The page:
NORWOOD YOUNG AMERICA, Minn. — In rural Norwood Young America neighbors are few and far between.

So, when Ann Fitz fell Tuesday afternoon, no one knew.

“She was heading to get the mail and she slipped on some ice and fell,” daughter Barb Fitz says.

The fall had broken her knee and she couldn’t get up.

"Several cars had gone by her, all day long, and hadn't seen her," Fitz says.

For three long hours Ann laid there in the cold, wondering if she’d ever be found.

"It was getting nightfall, the temps would drop, and no one would find her," Fitz says.

Then finally, someone stopped.

A couple driving by saw Ann in the ditch and called 911.

Fire Chief Steve Zumberge was the first one there.

“I got the call about an elderly lady in the cold for three hours and I thought we gotta get out there fast,” Zumberge says.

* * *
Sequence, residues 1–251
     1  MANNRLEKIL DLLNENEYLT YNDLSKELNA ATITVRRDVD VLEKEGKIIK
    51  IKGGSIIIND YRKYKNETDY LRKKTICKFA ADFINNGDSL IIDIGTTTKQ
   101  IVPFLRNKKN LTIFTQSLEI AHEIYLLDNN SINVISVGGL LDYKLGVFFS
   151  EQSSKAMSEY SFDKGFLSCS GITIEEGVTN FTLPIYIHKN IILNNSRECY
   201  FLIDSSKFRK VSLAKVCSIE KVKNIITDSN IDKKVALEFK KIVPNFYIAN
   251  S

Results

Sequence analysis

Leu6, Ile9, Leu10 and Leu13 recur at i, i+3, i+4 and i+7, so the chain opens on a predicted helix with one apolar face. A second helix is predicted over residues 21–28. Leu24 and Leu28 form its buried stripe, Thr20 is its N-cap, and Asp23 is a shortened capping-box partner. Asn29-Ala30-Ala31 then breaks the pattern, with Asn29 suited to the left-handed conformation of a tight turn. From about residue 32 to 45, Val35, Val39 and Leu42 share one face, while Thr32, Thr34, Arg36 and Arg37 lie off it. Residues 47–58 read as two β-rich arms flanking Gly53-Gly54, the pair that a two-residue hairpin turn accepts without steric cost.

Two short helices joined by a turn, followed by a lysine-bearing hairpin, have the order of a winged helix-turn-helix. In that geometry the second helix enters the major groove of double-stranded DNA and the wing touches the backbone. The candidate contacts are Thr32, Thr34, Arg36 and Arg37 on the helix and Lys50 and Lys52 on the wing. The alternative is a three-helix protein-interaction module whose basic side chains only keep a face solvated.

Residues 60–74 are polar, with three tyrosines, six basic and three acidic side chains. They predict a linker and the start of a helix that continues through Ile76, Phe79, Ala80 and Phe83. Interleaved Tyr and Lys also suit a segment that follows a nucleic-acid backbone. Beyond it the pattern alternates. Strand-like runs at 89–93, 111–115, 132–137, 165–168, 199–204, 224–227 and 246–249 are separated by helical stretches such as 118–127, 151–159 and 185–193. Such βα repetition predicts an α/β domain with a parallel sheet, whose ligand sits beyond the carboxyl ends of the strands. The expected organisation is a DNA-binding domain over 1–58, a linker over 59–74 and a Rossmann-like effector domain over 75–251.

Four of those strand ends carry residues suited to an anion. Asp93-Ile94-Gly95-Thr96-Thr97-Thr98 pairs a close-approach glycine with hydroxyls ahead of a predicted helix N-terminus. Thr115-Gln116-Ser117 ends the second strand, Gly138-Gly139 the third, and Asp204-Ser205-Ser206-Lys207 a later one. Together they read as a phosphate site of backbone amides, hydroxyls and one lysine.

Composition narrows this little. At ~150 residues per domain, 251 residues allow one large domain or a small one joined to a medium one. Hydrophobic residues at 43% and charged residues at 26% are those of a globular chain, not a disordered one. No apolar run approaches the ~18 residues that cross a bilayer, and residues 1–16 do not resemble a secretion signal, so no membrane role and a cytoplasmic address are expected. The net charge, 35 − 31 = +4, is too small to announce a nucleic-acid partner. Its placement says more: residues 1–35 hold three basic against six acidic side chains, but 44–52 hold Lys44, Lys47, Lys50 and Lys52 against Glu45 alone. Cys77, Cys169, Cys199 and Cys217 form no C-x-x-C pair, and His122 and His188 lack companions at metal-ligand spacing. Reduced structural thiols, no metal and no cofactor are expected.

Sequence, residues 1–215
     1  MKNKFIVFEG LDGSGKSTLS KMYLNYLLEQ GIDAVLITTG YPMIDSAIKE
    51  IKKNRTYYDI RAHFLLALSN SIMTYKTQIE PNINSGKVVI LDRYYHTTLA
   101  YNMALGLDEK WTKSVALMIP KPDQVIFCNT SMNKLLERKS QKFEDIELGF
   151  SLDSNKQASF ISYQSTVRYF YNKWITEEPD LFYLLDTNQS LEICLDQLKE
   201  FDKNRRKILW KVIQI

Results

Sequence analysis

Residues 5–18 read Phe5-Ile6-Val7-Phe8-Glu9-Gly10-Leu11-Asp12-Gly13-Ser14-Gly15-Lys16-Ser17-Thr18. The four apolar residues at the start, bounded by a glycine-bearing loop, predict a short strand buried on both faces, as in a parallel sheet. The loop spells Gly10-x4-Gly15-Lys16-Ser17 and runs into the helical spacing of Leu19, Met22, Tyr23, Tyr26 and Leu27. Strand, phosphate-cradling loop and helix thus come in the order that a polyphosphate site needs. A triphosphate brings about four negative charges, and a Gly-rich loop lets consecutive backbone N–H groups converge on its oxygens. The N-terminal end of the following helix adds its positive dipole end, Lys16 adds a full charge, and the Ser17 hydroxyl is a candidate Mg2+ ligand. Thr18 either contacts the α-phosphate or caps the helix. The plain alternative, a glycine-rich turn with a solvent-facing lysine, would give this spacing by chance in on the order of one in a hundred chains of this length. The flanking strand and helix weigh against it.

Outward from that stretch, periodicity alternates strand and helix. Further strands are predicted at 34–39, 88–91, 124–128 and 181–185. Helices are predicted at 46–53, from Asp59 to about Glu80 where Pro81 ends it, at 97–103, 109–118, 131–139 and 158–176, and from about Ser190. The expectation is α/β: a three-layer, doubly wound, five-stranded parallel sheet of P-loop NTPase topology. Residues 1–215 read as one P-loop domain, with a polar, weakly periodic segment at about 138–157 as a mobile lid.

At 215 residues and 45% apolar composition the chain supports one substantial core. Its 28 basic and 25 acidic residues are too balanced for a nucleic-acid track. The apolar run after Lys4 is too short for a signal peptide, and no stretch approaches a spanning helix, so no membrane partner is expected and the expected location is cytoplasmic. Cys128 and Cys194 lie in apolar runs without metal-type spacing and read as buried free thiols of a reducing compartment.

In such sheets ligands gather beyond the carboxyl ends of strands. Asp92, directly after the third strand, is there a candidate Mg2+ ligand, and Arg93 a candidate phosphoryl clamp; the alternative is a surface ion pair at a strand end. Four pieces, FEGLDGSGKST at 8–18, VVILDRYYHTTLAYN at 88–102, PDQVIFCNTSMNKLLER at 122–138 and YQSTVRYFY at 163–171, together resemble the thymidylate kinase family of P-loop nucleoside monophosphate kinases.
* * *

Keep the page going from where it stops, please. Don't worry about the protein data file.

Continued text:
When he got to the scene he says two people were already there warming Ann with blankets.

He says no doubt about it, she's alive because of them.

"She never would have survived the night," Zumberge says. "Someone was looking out for her.”

Paramedics rushed Ann to the hospital where doctors diagnosed her with hypothermia and a broken knee.

Barb and her dad got to the hospital a few minutes later.

“We knew something was wrong, because we called the house several times and no one answered,” Fitz says. “We called the ER and heard she was there.”

They later heard about the two good Samaritans who stepped in and saved her.
"In my eyes they got sent down that road for a reason," Fitz says.

The only reason they were on the road is because they had missed their turn.

Being on a strange road the couple was driving slowly and by chance noticed Ann in the ditch.

"To me, they're a couple of angels sent down that road. In my heart I think they're heroes,” Fitz says.

The family says Ann is scheduled to get out of the hospital on Monday.

Earlier in the week she got to meet the good Samaritans who saved her. 

They're happy she's doing better but both have decided to stay anonymous.